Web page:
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The teaching of posterior resin composites: planning for the future based on 25 years of research

Wilson, Nairn H.F. and Lynch, Christopher 2014. The teaching of posterior resin composites: planning for the future based on 25 years of research. Journal of Dentistry 42 (5) , pp. 503-516. 10.1016/j.jdent.2014.02.014

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Objectives: The restoration of posterior teeth affected by caries, trauma or wear remains one of the commonest procedures in the practice of dentistry. Over the past 20 years the first author and latterly the second author have led a series of surveys around the world to capture information on the teaching of posterior resin composites. The aim of this paper is to identify trends, reflect on the findings and make recommendations for the further development of this important aspect of the curriculum for primary dental qualifications. Methods: Surveys on the teaching of posterior resin composites were completed in 1986, 1997–99, 2004–05 and 2007–2009. The findings from these surveys were reviewed and drawn together to allow historical and contemporary international trends to be identified. Recommendations for further developments in the teaching of posterior resin composites were formulated from the cumulated data and trends identified. Results: Information was available from a total of 679 survey returns. Increased teaching of posterior resin composites has been observed over the period of the surveys: while 90% of dental school curricula did not include any didactic teaching of posterior resin composites in the mid-1980s, this dropped to 4% or less in the late 1990s, and to 0% in the early 2000s. In the late 2000s, however, 21% of dental schools still did not teach the placement of resin composites in three-surface cavities in permanent molar teeth. Areas of confusion were reported in the teaching of certain aspects of cavity design, notably the use of bevels, and in the protection of operatively exposed dentine. Conclusions: While there has been steady growth in, and trends towards evidence-based teaching of posterior resin composites in dental schools around the world over the last 20–25 years, there is a need for further developments and harmonisation in this important aspect of curricula for primary dental qualifications. This need is now pressing, subsequent to the signing of the Minamata Convention. It is recommended that all new graduates, from no later than 2020, should have the knowledge, skills, competences and confidence to effectively restore damaged and diseased posterior teeth with state-of-the-art resin composite systems.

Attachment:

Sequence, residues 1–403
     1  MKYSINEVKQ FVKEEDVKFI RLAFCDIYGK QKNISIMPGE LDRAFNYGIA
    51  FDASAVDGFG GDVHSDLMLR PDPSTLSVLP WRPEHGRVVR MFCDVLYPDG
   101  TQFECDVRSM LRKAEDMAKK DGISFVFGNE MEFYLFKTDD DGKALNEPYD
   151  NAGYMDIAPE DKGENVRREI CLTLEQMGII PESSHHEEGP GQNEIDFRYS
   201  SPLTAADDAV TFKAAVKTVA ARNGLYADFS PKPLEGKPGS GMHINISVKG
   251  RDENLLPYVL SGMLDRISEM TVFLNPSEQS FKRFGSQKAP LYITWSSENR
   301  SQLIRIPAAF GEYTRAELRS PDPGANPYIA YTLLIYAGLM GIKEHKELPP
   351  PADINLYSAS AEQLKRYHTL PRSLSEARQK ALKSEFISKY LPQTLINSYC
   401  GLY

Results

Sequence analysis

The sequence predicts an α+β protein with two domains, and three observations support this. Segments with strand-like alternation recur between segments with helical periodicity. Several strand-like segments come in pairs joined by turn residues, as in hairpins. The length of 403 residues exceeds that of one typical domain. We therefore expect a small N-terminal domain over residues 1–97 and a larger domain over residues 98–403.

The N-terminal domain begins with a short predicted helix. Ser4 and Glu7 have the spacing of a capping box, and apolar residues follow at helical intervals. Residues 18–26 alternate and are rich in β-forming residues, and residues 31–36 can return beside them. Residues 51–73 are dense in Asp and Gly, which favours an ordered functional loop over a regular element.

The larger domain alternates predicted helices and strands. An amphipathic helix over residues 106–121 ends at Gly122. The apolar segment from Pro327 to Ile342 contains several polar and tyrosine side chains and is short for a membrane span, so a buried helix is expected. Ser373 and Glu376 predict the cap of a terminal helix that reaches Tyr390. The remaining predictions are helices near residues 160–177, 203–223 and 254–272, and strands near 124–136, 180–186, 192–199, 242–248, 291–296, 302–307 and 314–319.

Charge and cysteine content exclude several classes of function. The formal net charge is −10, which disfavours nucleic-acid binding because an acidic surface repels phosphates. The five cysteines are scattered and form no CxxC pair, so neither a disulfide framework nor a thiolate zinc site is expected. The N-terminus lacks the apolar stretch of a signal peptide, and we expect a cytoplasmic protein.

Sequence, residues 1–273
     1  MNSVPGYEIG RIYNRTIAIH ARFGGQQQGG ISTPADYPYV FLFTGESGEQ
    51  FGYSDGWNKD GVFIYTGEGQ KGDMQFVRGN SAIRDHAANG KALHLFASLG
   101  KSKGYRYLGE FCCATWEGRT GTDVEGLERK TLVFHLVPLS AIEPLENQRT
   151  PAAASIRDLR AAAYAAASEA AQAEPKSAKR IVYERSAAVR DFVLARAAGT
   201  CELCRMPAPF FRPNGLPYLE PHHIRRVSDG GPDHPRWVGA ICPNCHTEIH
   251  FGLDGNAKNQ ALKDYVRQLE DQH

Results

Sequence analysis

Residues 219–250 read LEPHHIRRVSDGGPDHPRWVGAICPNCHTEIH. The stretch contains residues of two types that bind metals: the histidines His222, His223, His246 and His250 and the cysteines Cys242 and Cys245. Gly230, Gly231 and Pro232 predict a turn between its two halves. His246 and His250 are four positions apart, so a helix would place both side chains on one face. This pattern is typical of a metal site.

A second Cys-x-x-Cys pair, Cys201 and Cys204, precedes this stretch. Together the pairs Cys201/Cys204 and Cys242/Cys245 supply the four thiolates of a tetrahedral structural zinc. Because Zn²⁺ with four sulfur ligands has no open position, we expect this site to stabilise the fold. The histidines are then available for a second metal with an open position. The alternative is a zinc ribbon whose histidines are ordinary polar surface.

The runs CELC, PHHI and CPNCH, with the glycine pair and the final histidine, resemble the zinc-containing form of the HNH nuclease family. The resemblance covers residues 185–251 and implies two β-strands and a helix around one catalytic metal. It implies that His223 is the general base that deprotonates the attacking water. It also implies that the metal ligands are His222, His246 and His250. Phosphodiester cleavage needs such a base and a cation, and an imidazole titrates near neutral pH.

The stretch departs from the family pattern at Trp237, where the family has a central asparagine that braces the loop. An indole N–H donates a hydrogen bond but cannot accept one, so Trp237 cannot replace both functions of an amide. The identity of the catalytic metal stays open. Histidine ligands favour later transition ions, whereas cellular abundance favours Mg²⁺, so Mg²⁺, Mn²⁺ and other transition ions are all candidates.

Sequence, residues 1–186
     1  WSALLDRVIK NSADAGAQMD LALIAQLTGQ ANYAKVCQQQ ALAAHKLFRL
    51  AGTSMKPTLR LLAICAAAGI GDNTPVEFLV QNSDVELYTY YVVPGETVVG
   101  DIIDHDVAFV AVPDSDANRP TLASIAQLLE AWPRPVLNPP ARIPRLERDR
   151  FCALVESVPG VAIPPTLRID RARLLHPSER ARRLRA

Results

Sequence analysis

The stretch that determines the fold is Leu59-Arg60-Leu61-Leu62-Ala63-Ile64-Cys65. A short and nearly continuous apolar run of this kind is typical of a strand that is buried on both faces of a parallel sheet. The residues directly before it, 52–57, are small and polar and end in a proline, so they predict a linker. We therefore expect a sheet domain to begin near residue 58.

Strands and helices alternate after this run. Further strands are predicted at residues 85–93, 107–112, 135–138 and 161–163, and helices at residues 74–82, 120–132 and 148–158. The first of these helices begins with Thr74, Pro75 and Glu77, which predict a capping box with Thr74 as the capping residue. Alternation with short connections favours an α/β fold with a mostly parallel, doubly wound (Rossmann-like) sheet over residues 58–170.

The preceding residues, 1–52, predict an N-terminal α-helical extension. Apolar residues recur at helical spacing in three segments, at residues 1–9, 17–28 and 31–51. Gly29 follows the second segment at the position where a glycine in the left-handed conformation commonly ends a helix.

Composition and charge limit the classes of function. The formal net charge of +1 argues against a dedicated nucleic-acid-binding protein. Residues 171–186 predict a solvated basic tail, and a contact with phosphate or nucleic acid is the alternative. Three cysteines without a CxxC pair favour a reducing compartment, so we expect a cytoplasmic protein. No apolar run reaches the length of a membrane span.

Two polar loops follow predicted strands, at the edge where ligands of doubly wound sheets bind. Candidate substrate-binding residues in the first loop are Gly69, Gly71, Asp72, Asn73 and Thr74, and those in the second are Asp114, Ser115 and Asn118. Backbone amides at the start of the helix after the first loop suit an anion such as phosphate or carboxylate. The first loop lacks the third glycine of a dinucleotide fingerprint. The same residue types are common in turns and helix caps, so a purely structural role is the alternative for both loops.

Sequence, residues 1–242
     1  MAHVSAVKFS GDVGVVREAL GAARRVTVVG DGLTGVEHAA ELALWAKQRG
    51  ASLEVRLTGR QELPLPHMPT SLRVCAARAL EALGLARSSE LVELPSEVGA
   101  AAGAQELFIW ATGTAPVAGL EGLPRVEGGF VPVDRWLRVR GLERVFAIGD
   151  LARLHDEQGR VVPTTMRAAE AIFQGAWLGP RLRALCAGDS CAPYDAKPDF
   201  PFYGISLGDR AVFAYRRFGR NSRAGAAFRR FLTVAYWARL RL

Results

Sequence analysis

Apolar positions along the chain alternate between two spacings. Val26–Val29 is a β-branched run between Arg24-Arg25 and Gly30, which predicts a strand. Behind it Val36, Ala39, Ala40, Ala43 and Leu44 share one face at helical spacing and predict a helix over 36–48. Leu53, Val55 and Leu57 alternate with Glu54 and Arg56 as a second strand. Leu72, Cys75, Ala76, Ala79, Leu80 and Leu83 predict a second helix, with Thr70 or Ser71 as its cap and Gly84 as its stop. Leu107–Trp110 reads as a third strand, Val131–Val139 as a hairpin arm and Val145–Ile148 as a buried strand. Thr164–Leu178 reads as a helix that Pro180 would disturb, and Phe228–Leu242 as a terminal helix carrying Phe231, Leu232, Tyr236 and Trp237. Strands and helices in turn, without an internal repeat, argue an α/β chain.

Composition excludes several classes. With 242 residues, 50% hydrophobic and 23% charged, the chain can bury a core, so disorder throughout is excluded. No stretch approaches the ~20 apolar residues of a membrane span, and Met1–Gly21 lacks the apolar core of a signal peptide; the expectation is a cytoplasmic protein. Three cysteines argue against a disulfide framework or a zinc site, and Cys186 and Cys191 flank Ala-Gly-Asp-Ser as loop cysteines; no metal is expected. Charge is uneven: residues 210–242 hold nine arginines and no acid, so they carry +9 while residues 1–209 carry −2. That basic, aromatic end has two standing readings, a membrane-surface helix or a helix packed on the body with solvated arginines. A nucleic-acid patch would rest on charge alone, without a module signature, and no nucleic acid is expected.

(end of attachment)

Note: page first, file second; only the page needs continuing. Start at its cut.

Item Type: Article
Date Type: Publication
Status: Published
Schools: Dentistry
Subjects: R Medicine > RK Dentistry
Publisher: Elsevier
ISSN: 0300-5712
Date of Acceptance: 20 February 2014
Last Modified: 11 Oct 2019 13:28

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